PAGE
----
Tuesday, 31 January 2017

Sermon January 29, 2017

Reading the Bible 

Long-haired preachers come out every night,
Try to tell you what's wrong and what's right;
But when asked how 'bout something to eat
They will answer with voices so sweet:
You will eat, bye and bye,
In that glorious land above the sky;
Work and pray, live on hay,
You'll get pie in the sky when you die.

That old folk song by the labour organizer Joe Hill could be a warning to all preachers.  It is very easy to put our own interpretation on a bible passage and preach by putting the spin a scripture passage that conforms to our personal bias.  It would be very easy to feed that line to the poor and say be satisfied with your lot because you will get your reward in heaven; you’ll eat pie in the sky when you die.  Indeed some ministers, long haired or otherwise do exactly that.  If you were poor that was the natural order of things.  After all didn’t our Lord and Saviour say that the poor would always be with us?  The song goes on to criticize different branches of Christianity; the Salvation Army which he called the Starvation Army,

the Holy Rollers and Jumper who sold faith healing.  He was an equal opportunity critic.
Jesus tells us at the end of today’s Gospel, “Blessed are you when people revile you and persecute you and utter all kinds of evil against you falsely on my account. Rejoice and be glad, for your reward is great in heaven, for in the same way they persecuted the prophets who were before you”. 
He also tells us that those persecuted for righteousness will receive the kingdom of heaven.  So it doesn’t look very good for this life: right. 

So how do we preachers try to delve into the Lectionary reading and understand it in a way that is true to the truth revealed in the passage?  That is true not just for preachers but for every one of us who answer the call to follow our baptismal duty to read the bible.    It is inevitable that sermons will be informed by the biases and perspectives and interests of the preacher.  When I first read todays Gospel I could easily have decided to talk about what it means to be blessed.  Or I could have looked at any of the different categories of those who Jesus says are blessed; the poor in spirit, those who mourn, the meek,

the ones that hunger for righteousness, the merciful, those who are persecuted for righteousness sake, those who are persecuted for Jesus’ sake.  It’s a treasure trove of possibilities for sermon topics.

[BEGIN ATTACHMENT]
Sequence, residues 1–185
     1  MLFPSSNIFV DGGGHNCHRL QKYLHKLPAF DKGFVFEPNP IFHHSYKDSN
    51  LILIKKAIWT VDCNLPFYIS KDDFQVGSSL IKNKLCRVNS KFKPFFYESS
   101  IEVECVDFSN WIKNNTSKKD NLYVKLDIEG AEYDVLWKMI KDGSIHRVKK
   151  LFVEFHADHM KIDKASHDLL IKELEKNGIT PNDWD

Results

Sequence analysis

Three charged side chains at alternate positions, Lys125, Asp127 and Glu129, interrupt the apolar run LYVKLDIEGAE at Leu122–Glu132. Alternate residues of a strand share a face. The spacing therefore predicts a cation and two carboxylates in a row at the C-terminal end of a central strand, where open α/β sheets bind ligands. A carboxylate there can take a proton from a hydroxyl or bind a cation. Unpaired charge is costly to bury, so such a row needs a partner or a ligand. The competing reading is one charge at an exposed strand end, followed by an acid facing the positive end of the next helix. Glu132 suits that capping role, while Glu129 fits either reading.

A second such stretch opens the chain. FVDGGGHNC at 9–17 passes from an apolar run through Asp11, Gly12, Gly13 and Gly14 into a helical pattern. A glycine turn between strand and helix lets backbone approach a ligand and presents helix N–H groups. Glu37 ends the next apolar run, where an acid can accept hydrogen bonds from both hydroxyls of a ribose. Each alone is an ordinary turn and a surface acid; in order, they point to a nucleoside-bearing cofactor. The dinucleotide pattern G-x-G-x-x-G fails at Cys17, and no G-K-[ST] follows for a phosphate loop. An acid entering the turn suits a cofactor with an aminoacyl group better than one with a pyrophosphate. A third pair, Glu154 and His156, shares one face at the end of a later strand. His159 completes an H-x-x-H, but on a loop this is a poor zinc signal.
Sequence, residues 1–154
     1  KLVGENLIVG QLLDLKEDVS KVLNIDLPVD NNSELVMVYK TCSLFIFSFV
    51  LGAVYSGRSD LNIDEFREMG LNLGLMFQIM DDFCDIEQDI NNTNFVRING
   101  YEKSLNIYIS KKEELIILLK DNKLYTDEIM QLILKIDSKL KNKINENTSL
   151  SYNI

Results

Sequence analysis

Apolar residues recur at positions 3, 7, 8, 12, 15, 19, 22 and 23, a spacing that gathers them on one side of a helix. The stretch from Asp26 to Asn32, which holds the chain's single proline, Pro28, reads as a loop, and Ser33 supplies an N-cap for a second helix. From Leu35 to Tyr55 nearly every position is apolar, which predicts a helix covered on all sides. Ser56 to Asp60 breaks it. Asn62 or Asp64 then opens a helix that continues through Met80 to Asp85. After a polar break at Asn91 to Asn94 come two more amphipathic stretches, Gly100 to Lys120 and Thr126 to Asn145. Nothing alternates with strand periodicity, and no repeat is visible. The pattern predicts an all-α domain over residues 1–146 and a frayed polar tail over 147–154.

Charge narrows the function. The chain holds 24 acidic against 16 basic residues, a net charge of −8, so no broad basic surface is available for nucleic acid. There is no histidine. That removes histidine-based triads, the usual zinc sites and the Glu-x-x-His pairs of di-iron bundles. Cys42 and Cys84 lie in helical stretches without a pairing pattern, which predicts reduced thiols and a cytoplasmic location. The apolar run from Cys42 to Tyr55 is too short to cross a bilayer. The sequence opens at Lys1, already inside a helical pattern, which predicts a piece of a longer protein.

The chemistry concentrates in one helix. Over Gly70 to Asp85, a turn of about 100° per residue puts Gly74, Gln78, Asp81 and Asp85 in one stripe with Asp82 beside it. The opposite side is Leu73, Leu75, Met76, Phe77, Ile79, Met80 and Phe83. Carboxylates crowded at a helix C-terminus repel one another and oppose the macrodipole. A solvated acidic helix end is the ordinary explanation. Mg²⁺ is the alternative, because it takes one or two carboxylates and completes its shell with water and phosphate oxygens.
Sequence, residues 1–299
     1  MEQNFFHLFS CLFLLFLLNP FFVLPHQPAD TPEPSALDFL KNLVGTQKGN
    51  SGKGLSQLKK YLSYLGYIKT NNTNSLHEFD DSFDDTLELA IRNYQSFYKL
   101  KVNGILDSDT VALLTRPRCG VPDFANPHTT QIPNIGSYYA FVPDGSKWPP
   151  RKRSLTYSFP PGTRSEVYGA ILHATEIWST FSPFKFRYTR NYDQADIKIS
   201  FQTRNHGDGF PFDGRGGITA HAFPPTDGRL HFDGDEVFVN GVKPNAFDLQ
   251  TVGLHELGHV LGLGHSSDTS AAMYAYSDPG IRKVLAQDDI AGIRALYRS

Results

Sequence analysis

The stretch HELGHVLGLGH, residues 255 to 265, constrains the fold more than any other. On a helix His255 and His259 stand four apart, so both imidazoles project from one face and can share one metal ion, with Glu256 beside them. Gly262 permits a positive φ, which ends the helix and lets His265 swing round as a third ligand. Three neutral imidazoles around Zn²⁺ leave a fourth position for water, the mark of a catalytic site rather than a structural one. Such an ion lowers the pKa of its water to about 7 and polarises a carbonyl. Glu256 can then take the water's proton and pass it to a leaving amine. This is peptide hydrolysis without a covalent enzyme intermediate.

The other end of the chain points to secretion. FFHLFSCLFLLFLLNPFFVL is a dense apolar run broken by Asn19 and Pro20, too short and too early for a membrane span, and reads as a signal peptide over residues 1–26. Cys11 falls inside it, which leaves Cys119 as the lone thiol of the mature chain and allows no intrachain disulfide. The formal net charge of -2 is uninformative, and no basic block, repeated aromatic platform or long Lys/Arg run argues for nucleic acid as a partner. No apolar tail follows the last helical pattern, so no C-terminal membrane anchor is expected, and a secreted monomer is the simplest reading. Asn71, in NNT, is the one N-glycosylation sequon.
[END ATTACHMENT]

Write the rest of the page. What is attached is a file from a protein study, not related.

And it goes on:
However, it could also be a trap.  It would be very easy to see which one fits your particular hobby horse that you like to preach on.  And don’t kid yourself. Most preachers have favourite topics and passages. 

Initially when I read the Gospel I had the inspiration about the song Pie in the Sky and the poor getting their reward in heaven.  I thought I could base my sermon as a critique of the Prosperity Gospel, which is one of my hobby horses with its misinterpretation that good Christians will receive their reward in this world.  However, as I considered it and reflected and prayed about it what decided that what God was inspiring me to preach about was how to read scripture.  There are many good ways of doing this. 

I decided to talk about Lectio Divina which means Holy Reading.  Lectio Divina is a simple way to read scripture and explore prayerfully the meaning of it for you.  It is a process which can be followed quite easily. 

There are four steps in Holy Reading; Lectio, Meditatio, Oratio, and Contemplatio.    Don’t be put off by the Latin.  People such as theologians and academics like to use Latin to impress but the process is quite simple.  

The first is to read the passage – the Lectio.  During the reading the intention is to be non-judgemental – just be open to what the passage is speaking to you.  Is there something especially in the passage that catches you attention – a phrase or a word?  Make a mental note of this.  You can use any passage from scripture or an inspirational work that is meaningful for you. 

The second step is meditation – meditatio.  Here we reflect and ponder on what we have read or heard.  Remember that Mary pondered these things in her heart.  Ponder and see how Jesus is speaking to you in the passage of phrase or word that resonates with you.  Ask yourself what does this mean for my life today?  Direct it to God at work in your life. 

The third step is Responding – Oratatio.  This is a prayer – a prayer which is unique and personal to you and comes from the heart.  This may lead to response in your outer life but it is an inner response initially.  It may be surrendering your will to God – not something we do easily but something which is important if we are to follow where Jesus leads us. 

Finally there is Rest – Contemplatio.  This is resting in the presence of God.  It is a knowing that God is with you and that you are in God’s hand.  As it says in the Isaiah passage:
For I, the Lord your God,
   hold your right hand;
it is I who say to you, ‘Do not fear,
   I will help you.’

Let us go through the four steps using a passage from today’s Gospel.

Step One:  The reading: be open to what it is saying to you.
11“Blessed are you when people revile you and persecute you and utter all kinds of evil against you falsely on my account. 12Rejoice and be glad, for your reward is great in heaven, for in the same way they persecuted the prophets who were before you.
Step two:  Meditation.  Let us now take a few minutes to ponder the passage.
Step three:  Now let us respond; let us pray is silence and ask God to give us direction.
Step four: Finally let us take a few minutes to rest and contemplate what God is speaking to us about the passage.  


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